In Struggle Against Jim Crow: Lulu B. White and the NAACP, 1900-1957

Front Cover
Texas A&M University Press, Mar 1, 2010 - Biography & Autobiography - 181 pages
0 Reviews
African American women have played significant roles in the ongoing struggle for freedom and equality, but relatively little is known about many of these leaders and activists. Most accounts of the civil rights movement focus on male leaders and the organizations they led, leaving a dearth of information about the countless black women who were the backbone of the struggle in local communities across the country. At the local level women helped mold and shape the direction the movement would take. Lulu B. White was one of those women in the civil rights movement in Texas. Executive secretary of the Houston branch of the NAACP and state director of branches, White was a significant force in the struggle against Jim Crow during the 1940s and 1950s. She was at the helm of the Houston chapter when the Supreme Court struck down the white primary in Smith v. Allbright, and she led the fight to get more blacks elected to public office, to gain economic parity for African Americans, and to integrate the University of Texas. Author Merline Pitre places White in her proper perspective in Texas, Southern, African American, women's, and general American history; points to White's successes and achievements, as well as the problems and conflicts she faced in efforts to eradicate segregation; and looks at the strategies and techniques White used in her leadership roles. Pitre effectively places White within the context of twentieth-century Houston and the civil rights movement that was gripping the state. In Struggle Against Jim Crow is pertinent to the understanding of race, gender, interest group politics, and social reform during this turbulent era. Merline Pitre is professor of history and former dean of the College of Arts and Sciences at Texas Southern University. Her specialization is U.S. Reconstruction and African American history, particularly in Texas.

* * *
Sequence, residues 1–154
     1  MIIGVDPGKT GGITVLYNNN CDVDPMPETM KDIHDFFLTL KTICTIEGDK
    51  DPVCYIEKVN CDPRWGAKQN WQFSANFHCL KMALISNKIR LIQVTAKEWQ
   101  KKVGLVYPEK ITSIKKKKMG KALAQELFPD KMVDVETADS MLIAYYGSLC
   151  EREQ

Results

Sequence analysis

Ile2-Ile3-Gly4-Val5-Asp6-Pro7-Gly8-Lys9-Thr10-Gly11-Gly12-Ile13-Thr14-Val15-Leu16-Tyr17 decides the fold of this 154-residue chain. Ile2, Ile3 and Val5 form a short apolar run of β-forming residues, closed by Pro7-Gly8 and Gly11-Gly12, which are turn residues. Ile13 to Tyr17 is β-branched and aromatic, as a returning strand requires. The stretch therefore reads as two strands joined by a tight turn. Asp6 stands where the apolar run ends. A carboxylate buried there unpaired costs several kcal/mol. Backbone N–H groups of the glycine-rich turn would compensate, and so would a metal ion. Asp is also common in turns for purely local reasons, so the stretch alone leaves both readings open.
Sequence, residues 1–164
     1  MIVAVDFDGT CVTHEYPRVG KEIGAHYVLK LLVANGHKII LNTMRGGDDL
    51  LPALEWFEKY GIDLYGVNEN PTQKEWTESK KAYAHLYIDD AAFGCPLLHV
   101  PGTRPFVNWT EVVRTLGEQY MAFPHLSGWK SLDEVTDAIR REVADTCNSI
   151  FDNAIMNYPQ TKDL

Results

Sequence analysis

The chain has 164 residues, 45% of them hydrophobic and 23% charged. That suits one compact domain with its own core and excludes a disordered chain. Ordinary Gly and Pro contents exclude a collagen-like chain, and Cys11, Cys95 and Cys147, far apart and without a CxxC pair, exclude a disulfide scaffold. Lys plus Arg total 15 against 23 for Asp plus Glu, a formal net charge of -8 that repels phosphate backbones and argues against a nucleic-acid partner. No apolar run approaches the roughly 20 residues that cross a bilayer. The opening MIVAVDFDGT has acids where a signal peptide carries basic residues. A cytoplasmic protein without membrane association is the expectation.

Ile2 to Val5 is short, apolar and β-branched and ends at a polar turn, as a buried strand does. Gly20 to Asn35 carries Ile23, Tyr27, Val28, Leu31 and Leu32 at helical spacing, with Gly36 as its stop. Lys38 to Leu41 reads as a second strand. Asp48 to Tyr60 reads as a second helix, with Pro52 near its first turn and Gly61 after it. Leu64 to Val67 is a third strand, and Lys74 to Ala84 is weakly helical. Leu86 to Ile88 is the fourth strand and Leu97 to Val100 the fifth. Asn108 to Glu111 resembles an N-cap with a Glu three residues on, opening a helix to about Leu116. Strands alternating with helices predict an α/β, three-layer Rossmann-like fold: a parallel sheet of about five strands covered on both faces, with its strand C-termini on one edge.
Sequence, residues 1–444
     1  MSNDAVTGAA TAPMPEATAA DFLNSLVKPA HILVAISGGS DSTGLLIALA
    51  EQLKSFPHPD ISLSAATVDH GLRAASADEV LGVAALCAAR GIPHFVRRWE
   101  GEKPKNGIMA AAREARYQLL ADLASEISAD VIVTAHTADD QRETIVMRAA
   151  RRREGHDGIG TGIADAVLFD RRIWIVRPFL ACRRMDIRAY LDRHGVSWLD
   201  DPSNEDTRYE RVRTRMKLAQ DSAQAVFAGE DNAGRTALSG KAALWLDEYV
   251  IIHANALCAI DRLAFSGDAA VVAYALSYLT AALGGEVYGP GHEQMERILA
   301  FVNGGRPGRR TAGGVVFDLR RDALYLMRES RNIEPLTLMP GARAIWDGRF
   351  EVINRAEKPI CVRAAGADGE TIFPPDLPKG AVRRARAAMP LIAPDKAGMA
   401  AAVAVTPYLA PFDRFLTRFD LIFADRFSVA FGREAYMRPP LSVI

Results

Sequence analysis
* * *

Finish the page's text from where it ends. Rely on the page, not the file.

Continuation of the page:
What people are saying - Write a review

We haven't found any reviews in the usual places.

Contents

Coming of Age in Texas
3
Carving a Niche in the NAACP
25
Raising Her Voice Gadfly or Crusader?
37
Taking a Fearless Stand The Fight for Economic Parity
56
The Great Divide Lulu White the Black Community and Equal Educational Opportunities
89
Workhorse or Team Player? The NAACP Experience
105
Lulu White and the Issue of Gender
129
She Was Not Afraid
144
Notes
144
Index
144
Copyright

Common terms and phrases

About the author (2010)

Merline Pitre is professor of history and former dean of the College of Arts and Sciences at Texas Southern University. Her specialization is U.S. Reconstruction and African American history, particularly in Texas.